Genetic Aspects of Alcohol Use and Alcoholism in Women

By Svikis, Dace S.; Velez, Martha L. et al. | Alcohol Health & Research World, January 1, 1994 | Go to article overview

Genetic Aspects of Alcohol Use and Alcoholism in Women


Svikis, Dace S., Velez, Martha L., Pickens, Roy W., Alcohol Health & Research World


Genetic studies are a crucial component of alcohol research. These studies attempt to quantify genetic influences on problem drinking; characterize patterns of inheritance; and, ultimately, identify the gene or genes that confer susceptibility to alcoholism. Results of such research have important implications for the prevention, early detection, and treatment of alcoholism.

There is reason to believe that the factors influencing alcohol use in general, and alcoholism in particular,(1) are not the same in women as in men (National Institute on Alcohol Abuse and Alcoholism [NIAAA] 1993). Nevertheless, research on the genetics of alcoholism has traditionally used male subjects or has pooled the data in a manner that obscures gender differences.

Genetic factors may influence gender differences in alcohol use and alcoholism in two ways. First, the same genetic influences may exist in both women and men, with the observed gender differences being attributable entirely to environmental factors. Second, different (but possibly overlapping) genetic influences may be responsible for the observed gender differences. This article discusses available evidence for distinguishing between these two alternatives based on four types of studies: family, adoption, and twin studies; molecular genetic studies; biological marker studies; and animal studies.

FAMILY, ADOPTION, AND TWIN STUDIES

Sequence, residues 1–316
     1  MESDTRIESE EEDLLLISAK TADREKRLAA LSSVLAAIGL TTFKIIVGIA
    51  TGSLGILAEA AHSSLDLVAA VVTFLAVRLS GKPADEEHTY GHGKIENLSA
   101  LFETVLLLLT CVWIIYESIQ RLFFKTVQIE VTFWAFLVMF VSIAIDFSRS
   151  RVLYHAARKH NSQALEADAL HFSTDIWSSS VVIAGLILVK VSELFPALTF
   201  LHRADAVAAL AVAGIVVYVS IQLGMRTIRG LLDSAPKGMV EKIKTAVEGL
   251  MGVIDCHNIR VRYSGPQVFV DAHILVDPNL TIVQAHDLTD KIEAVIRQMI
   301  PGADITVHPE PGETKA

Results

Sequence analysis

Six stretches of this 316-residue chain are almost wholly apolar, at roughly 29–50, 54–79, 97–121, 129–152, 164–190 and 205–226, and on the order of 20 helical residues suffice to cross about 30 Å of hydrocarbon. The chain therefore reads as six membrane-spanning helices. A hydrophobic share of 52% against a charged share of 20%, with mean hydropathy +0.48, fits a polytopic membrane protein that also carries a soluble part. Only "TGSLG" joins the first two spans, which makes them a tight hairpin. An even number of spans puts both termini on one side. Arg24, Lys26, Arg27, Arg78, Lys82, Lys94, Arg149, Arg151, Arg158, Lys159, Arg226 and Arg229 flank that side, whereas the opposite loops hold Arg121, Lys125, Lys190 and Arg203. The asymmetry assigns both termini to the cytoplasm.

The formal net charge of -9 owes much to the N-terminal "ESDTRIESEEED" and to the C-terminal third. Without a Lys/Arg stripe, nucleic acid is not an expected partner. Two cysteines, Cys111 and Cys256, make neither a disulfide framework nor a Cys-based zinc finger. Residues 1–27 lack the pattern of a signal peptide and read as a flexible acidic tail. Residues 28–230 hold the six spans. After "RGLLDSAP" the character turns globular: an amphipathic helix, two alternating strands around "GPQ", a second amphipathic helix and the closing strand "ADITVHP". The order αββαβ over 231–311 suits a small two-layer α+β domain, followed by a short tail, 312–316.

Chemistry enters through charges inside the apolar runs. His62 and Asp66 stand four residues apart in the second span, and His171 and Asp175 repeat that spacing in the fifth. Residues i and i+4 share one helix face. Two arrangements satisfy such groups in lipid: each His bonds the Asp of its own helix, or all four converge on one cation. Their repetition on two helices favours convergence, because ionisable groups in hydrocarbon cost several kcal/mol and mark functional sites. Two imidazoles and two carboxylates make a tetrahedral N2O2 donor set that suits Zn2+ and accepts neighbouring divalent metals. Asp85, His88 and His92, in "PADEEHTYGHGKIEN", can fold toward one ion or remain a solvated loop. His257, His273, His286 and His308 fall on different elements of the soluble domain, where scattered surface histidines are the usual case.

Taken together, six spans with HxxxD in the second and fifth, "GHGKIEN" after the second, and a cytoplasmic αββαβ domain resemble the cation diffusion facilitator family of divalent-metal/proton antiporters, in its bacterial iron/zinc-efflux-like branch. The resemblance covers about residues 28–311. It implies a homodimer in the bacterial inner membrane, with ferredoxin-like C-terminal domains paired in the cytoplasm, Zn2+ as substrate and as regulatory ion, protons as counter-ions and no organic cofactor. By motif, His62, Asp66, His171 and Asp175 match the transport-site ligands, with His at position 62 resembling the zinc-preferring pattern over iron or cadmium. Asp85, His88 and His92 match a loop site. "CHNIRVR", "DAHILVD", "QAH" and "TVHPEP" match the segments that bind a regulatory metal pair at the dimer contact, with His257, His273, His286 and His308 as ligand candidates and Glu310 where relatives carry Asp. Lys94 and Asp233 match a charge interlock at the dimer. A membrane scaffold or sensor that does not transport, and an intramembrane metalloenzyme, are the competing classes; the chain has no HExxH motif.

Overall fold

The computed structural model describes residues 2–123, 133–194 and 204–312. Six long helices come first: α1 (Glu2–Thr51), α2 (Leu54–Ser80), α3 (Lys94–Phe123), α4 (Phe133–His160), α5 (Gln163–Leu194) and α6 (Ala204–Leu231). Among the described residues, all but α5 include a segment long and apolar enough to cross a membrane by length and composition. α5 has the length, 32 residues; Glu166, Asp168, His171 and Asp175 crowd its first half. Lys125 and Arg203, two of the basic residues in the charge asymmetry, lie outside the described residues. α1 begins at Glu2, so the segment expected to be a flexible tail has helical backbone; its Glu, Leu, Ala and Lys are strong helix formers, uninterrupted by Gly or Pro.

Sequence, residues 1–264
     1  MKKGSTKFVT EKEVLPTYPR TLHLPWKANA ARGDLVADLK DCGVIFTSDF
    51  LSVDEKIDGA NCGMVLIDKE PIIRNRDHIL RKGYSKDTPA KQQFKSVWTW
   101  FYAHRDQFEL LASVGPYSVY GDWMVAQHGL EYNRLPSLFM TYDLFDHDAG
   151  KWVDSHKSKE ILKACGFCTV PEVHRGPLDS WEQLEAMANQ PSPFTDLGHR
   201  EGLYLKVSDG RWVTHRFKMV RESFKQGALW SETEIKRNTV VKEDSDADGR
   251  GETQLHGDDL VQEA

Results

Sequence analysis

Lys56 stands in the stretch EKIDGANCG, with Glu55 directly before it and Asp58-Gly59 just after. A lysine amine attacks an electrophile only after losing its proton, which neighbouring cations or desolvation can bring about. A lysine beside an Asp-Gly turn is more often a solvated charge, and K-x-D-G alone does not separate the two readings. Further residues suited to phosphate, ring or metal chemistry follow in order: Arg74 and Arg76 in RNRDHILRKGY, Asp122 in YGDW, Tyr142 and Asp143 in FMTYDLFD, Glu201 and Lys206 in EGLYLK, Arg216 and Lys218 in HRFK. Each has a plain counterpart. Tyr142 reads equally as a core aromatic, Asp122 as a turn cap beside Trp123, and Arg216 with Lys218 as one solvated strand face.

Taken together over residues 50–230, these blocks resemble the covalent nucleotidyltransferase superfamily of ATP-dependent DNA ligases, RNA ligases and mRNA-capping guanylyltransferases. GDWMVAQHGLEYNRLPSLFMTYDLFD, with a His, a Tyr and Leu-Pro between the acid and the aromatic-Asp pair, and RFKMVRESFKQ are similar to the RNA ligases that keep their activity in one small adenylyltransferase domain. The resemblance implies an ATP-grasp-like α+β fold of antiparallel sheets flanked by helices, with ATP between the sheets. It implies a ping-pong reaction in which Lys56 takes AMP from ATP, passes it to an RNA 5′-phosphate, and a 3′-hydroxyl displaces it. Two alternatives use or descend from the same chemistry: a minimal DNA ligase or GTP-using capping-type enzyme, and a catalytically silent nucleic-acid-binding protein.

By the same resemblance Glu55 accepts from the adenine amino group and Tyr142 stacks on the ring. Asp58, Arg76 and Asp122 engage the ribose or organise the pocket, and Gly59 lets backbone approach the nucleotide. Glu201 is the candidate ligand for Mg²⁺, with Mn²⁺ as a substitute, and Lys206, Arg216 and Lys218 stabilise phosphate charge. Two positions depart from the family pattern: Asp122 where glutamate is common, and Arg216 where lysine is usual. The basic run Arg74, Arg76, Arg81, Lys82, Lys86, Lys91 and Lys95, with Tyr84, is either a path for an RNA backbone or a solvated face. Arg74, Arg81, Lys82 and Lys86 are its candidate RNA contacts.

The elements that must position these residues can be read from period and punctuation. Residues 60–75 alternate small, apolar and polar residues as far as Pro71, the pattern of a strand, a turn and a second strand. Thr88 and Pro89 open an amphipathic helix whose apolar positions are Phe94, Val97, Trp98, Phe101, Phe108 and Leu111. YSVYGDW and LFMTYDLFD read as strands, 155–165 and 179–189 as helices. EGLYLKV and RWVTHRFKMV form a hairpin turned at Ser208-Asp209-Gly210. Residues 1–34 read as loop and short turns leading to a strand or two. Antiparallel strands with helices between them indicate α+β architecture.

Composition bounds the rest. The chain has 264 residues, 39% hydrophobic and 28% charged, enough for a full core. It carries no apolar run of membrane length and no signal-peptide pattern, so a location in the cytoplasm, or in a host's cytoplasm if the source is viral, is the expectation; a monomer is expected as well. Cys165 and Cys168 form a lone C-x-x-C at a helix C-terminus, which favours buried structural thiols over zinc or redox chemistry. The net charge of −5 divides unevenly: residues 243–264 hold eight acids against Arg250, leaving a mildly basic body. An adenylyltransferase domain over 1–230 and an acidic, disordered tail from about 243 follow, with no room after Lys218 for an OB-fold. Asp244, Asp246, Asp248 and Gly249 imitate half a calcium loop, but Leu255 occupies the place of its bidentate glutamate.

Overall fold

Family Studies

Family studies examine rates of alcoholism in relatives of the alcoholic and nonalcoholic study subjects (probands). Such studies have consistently found the risk for alcoholism to be 4 to 7 times greater in relatives of alcoholics compared with relatives of nonalcoholics (Cotton 1979; Merikangas 1990). Overall, male relatives are more likely to be alcoholic than are female relatives.

Few studies have compared male alcoholic probands and female alcoholic probands with respect to the occurrence of alcoholism among their relatives. In such studies, gender differences are suggested by different rates of transmission of alcoholism to same-gender versus opposite-gender relatives. For example, if the female relatives of female probands have the same prevalence of alcoholism as do the female relatives of male probands, then no gender differences are indicated. However, if the female relatives of female probands have higher (or lower) rates of the disorder than do female relatives of male probands, then gender differences are suggested.

In a recent review of the literature, McGue and Slutske (1993) identified only seven family studies that examined alcoholism in female and male relatives (mostly parents) of both female and male alcoholic probands. In general, female and male relatives had similar rates of alcoholism regardless of whether the probands were male or female. Alcoholism was found in 6 percent of female relatives of male probands and 10 percent of female relatives of female probands. Alcoholism was found in 27 percent of male relatives of male probands and 33 percent of male relatives of female probands.

Thus, family studies have not found evidence for a different genetic influence on alcoholism in women compared with men. However, the possibility remains that gender-specific genetic influences do exist but are overshadowed by environmental influences.

Adoption Studies

Adoption and twin studies provide more definitive evidence of genetic influences than do family studies. In adoption studies, alcoholism rates of adopted-away children of alcoholic parents are compared with alcoholism rates of adopted away children of nonalcoholic parents. Genetic influences are indicated by higher alcoholism rates in the children of alcoholic than nonalcoholic parents.

Four adoption studies have examined the role of genetic factors in alcoholism in women. In the first study, Roe (1944) determined alcoholism rates in adopted daughters whose biological fathers were heavy drinkers. …

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